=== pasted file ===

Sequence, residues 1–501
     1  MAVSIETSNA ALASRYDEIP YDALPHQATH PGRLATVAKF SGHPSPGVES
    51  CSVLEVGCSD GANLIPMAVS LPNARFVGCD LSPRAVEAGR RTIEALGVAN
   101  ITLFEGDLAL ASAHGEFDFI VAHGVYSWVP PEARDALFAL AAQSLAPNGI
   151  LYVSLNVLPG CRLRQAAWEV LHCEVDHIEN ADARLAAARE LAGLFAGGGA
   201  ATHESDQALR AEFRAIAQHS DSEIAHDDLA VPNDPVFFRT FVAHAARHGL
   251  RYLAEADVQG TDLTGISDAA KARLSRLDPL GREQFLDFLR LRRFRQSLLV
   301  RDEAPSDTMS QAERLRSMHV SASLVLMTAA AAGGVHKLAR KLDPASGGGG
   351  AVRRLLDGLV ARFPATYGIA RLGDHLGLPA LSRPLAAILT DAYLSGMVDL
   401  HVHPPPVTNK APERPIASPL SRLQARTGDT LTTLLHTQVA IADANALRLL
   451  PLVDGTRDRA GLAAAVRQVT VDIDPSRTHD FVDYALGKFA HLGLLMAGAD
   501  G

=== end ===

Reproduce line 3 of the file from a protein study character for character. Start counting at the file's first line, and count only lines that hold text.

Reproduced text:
    51  CSVLEVGCSD GANLIPMAVS LPNARFVGCD LSPRAVEAGR RTIEALGVAN